A pump and bulldozer move slurry around the shore as a hopper dredge is in the background during a beach renourishment operation
Virginia Beach oceanfront renourishment continues with help from city, Norfolk District
The Virginia Beach Hurricane Protection and Storm Damage Reduction Project takes place at 37th Street in Virginia Beach, Virginia, July 31, 2019. THe project is comprised of three parts: a widened 100 foot beach at 9-feet above sea level with a gradual slope to sea level, seawall/sand dune system, and an intricate network of storm drains and pump stations to remove water from upland areas.(U.S. Army photo by Andria Allmond)
Photo By: Andria Allmond
VIRIN: 190731-A-SO401-1013

“What we need to keep in mind is that this project is critical if we want to live in a coastal area,” said Kristin Mazur, district project manager. “Yes, there are going to be degrees of impact on residents during this project: areas of the beach will be closed off during active work; there will be a pipe that remains on the shoreline throughout the project; crews will continue to work around-the-clock, and reaching the shore may require using access ramps over the pipe.”

Norfolk District will continue to inform the public on progress and updates using its social media platforms, she added.

'Our goal has been unwavering from the start'

While the project’s contract extends to Feb. 23, it’s hopeful all construction will be concluded by year’s end, according to James Campbell, district contracting officer representative.

“We, of course, want the project to run as smoothly as possible and finish by the end of the year,” Campbell said. “But, we need to be realists here and recognize there are factors outside our control that may affect the rate of completion.”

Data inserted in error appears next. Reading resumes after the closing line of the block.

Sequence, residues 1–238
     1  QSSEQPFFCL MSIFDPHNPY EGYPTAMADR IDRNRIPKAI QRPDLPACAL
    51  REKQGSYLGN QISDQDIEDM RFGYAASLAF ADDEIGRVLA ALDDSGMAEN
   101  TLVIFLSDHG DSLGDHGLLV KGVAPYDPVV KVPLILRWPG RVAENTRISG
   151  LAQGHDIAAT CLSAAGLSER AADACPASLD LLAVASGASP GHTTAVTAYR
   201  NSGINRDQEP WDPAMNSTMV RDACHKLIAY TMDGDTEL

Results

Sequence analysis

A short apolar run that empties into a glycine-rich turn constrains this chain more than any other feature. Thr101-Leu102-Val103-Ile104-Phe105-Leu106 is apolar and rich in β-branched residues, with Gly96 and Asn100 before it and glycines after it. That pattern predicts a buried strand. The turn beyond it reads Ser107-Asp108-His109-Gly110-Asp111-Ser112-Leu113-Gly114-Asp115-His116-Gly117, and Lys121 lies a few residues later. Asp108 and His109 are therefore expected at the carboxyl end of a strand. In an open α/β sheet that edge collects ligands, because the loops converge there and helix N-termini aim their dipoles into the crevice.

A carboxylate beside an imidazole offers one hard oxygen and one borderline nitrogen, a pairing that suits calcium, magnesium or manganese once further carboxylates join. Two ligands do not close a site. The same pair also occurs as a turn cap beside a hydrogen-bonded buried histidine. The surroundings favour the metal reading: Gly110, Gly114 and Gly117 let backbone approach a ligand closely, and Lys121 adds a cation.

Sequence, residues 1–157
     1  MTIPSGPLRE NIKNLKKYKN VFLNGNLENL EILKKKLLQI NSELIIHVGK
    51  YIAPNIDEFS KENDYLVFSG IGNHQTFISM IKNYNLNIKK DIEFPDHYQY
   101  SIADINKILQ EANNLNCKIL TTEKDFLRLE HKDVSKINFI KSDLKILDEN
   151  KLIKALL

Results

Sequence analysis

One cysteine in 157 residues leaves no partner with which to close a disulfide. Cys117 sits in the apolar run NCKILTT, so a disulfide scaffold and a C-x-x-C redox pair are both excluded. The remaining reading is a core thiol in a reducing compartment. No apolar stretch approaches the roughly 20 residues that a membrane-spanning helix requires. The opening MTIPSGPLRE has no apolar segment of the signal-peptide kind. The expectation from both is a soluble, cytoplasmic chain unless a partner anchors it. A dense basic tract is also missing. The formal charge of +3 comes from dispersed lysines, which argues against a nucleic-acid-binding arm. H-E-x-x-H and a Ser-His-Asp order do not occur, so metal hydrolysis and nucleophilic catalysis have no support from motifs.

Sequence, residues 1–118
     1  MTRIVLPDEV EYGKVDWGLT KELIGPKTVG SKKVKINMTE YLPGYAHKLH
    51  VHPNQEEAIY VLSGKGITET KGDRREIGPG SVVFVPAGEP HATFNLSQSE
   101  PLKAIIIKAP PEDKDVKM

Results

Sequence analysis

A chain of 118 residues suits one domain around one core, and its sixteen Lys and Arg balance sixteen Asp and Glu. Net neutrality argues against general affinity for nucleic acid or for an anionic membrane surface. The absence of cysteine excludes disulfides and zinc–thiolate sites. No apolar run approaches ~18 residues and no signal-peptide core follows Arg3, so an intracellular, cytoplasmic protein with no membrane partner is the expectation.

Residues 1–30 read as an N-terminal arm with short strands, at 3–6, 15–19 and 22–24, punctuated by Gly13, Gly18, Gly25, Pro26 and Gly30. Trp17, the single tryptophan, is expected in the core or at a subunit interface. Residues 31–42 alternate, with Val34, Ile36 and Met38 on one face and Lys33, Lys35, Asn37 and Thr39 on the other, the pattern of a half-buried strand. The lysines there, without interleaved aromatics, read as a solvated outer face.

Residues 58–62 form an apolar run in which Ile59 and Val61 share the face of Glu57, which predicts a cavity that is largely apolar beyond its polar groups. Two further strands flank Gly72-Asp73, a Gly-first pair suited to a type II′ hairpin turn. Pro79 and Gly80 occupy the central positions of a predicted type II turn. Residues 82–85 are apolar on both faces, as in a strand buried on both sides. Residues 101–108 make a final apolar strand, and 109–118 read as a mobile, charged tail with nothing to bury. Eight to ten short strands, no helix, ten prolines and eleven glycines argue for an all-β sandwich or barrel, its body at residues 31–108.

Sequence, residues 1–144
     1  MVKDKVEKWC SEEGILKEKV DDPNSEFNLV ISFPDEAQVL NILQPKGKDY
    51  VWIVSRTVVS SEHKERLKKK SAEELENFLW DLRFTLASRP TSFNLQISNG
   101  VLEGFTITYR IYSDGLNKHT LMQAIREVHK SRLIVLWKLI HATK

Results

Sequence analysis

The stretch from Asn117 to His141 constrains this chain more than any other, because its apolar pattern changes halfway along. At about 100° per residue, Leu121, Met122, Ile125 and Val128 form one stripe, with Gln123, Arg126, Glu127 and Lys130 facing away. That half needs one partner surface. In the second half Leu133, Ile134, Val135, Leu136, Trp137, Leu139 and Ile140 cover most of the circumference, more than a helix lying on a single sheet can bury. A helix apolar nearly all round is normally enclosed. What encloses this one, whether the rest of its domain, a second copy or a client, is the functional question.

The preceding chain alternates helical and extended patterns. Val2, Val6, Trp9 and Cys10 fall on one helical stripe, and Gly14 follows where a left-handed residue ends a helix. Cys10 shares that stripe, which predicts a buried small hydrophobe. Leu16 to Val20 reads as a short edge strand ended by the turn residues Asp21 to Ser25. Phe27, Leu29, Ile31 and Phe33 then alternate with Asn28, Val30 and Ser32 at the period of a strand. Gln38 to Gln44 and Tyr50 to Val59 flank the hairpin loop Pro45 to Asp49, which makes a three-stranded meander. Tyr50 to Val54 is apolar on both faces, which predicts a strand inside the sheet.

Bad weather conditions, equipment malfunction and dredge availability are all items that could push work into the New Year.

In either case, the project’s end result is the same.

Woman on left taking notes as woman on right holds hand full of sand
Quality of sand an important part of Virginia Beach renourishment
Kristin Mazur, Norfolk District project manager, explains beach-quality sand during an interview regarding the Virginia Beach Hurricane and Storm Damage Reduction Project at the Virginia Beach oceanfront, Virginia, Aug. 2, 2019. Crews will be halting operations from Sept. 2 until mid-November in accordance with Norfolk District time-of-year restrictions for sea turtles. (U.S. Army photo by Andria Allmond)
Photo By: Andria Allmond
VIRIN: 190802-A-SO401-1001


“Our goal has been unwavering from the start — we’ll do what needs to be done to reduce hurricane and storm damage to the infrastructure of the oceanfront,” Mazur said. “We didn’t have an option in the timing of the project; we won’t compromise the expertise of the contractor doing the work; but, we will continue to work with our partners to deliver this engineering solution to help safeguard the community.”

The project, slated to widen the beach from 15th to 70th streets, has been moving north and cordoning off about two blocks at a time. With only small portions of the beach inaccessible, the work may impact up to 20 streets at a time due to the shoreline pipe required for sand placement.